Write everything down—your three biggest strengths and skills that are going to make your dreams possible, as well as every challenge you overcome, because this will help you through the next challenge. This is one of many takeaways from the opening keynote for Denver Start Up Week’s final day, in which Junior Achievement welcomed 200 teens to gain insight from professional leaders and entrepreneurs.
Danielle Shoots, Vice President of Finance and Business Operations for Comcast, delivered this advice, kicking off a powerful day that gave Colorado’s young entrepreneurial minds a rare glimpse into what it takes to be successful in a modern business environment. Throughout the day in downtown Denver, students attended workshops normally reserved for established professionals.
“I didn’t know what to expect but I really like the public speakers, they answered a lot of questions I had,” said Northglenn High School sophomore, Simone Ruckman, who intends on starting her own fashion business. “There’s been a lot of stuff that I haven’t thought about that I probably should, like networking. I have not networked whatsoever, and if I want to create a company I’ve got to get the word out there.”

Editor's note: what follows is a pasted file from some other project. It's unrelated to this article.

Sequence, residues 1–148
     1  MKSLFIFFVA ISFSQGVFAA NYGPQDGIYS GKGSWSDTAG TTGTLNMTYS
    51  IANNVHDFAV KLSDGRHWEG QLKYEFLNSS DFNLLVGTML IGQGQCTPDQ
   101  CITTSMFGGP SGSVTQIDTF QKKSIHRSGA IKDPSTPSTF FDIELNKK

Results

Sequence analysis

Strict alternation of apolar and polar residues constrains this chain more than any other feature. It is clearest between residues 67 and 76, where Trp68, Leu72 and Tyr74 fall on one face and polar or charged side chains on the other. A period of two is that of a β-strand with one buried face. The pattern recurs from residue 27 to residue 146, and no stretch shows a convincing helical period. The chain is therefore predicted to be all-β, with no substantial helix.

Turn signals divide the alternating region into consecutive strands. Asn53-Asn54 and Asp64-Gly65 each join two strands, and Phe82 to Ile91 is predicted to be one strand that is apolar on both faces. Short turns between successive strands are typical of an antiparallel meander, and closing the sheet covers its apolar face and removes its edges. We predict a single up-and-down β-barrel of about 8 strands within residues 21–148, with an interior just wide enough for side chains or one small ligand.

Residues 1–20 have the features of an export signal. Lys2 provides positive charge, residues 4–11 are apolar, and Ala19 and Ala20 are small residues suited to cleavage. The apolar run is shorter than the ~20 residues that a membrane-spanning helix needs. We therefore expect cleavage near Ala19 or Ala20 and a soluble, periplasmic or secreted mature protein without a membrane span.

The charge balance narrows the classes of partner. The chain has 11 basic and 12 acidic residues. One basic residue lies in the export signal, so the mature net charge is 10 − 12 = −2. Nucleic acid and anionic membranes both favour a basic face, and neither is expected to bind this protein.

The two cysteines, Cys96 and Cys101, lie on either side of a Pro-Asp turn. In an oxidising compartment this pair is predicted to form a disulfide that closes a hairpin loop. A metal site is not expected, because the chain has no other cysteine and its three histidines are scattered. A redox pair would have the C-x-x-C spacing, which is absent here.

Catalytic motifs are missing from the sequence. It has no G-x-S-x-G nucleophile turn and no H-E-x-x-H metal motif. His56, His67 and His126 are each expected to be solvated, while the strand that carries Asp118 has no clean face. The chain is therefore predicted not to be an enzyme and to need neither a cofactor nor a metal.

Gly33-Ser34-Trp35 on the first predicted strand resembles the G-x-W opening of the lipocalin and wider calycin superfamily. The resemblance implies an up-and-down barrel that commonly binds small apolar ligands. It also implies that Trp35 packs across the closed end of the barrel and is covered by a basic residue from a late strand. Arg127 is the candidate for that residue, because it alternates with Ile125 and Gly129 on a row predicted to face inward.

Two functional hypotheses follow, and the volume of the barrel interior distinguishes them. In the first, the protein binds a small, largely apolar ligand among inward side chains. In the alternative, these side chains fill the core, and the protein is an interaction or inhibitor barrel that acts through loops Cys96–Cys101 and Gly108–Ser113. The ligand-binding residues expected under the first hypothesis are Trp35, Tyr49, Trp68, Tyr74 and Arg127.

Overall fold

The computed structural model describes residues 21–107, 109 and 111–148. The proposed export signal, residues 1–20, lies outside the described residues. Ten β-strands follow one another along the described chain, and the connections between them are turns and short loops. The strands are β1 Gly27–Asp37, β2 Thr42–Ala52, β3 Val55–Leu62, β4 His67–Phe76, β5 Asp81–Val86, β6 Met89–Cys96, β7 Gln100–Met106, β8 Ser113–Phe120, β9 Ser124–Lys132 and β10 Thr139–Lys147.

Fellow Northglenn sophomore Maddie McPherson hopes to someday own her own bakery and coffee shop. The idea of owning her own bakery on Pearl Street in Boulder and really getting to know her customers is what motivates her.
“So many businesses don’t have the opportunity to get to know their customers, but I want to really know them!” she said. “But first I want to go to college and earn a four-year degree. I’d like to study finance and accounting so I don’t have to rely on someone else to do that for my business.”
Nearly 20 Junior Achievement volunteers accompanied and mentored the teens throughout the day, helping them reflect on each workshop.
“Everyone was really excited to learn how to start a business, how to grow capital, and figure out the right next steps,” said volunteer Jenn Stewart from Bridgepoint Education, an innovative education company that sponsored JA’s Denver Start Up Week event. “They’re really open to learning and finding out new things.”
“This is a perfect partnership for Bridgepoint because we’re all about innovative ways of expanding educational opportunities and access to those who need a chance, and Junior Achievement is doing the same thing,” she added.
This was Stewart’s first time volunteering with Junior Achievement. She is especially passionate for the accessibility of JA programs for underserved students.
“A lot of kids don’t know all of the options they have, and without organizations like Junior Achievement they might fall into the same path as those around them,” she said. “Being able to participate in programs like this opens their eyes to so many different things and they see that the sky’s the limit.”